|Calcium||15.0 mg||1% DV|
|Copper||32.0 μg||4% DV|
|Iron||0.9 mg||5% DV|
|Magnesium||16.0 mg||4% DV|
|Manganese||10.0 μg||0% DV|
|Phosphorus||161.0 mg||13% DV|
|Potassium||244.0 mg||5% DV|
|Selenium||30.2 μg||55% DV|
|Sodium||68.0 mg||3% DV|
|Zinc||1.9 mg||17% DV|
|AMINO ACIDS & PEPTIDES|
Ground Pork Nutrition Varies With Fat Content
Ground pork, with varying fat content, is available for purchase from most grocery stores. Sometimes these are labelled as extra lean, lean, medium, or regular but the requirements for these labels vary from country to country. For instance, in Canada extra lean has a maximum fat content of 10%, lean – 17%, medium – 23%, and regular – 30%. However, in other countries these ranges may vary. When in doubt, check the label, which should specify the amount of fat in that particular product. Although some types of ground pork will work better in certain recipes, for the most part they are fairly interchangeable and the type you choose comes down to personal preference. Keep in mind that the Nutrivore Scores for ground pork will vary based on fat content since those that contain more fat are higher in calories.
|Ground pork, raw||186|
|Ground pork, 84% lean meat / 16% fat, raw||213|
|Ground pork, 96% lean meat / 4% fat, raw||387|
Ground Pork, 84%/16% Nutrition Varies With Cooking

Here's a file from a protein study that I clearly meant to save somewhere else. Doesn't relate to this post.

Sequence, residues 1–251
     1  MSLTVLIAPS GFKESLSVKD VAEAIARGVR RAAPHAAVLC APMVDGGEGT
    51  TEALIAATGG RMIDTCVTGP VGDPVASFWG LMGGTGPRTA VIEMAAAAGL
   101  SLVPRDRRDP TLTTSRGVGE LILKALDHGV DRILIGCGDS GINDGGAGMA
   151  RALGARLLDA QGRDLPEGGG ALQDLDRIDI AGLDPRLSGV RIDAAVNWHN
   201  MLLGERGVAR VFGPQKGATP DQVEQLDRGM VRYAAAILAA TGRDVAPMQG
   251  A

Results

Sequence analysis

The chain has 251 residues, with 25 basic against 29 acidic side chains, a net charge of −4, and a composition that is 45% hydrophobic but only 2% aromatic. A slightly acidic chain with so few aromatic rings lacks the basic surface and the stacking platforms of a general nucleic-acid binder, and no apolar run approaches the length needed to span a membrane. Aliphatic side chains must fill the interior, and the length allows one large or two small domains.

Ground pork is a popular ingredient in the kitchen that is extremely versatile and can be prepared in numerous ways, resulting in different flavors, textures, and Nutrivore Scores.
|Ground pork, 84%/16%, cooked, crumbles||217|
|Ground pork, 84%/16%, cooked, pan-broiled||207|
|Ground pork, 84%/16%, raw||213|
Pork Nutrition Varies With Processing
The Nutrivore Score of pork differs based on processing. Within any animal, vitamin and mineral content vary, which means nutrient density varies between cuts of meat. Butchering therefore has a huge impact on the Nutrivore Score of different cuts of pork, of which there are many! Especially significant is the difference between organ meat and ‘muscle’ meat. Not only does the portion of the animal being consumed affect the nutrient profile, but also important is the fat content.
|Pork, bacon, unprepared||122|
|Pork, ground, 84%/16%, raw||213|
|Pork heart, raw||977|
|Pork kidney, raw||1650|
|Pork leg (ham), whole, separable lean only, raw||329|
|Pork liver, raw||2483|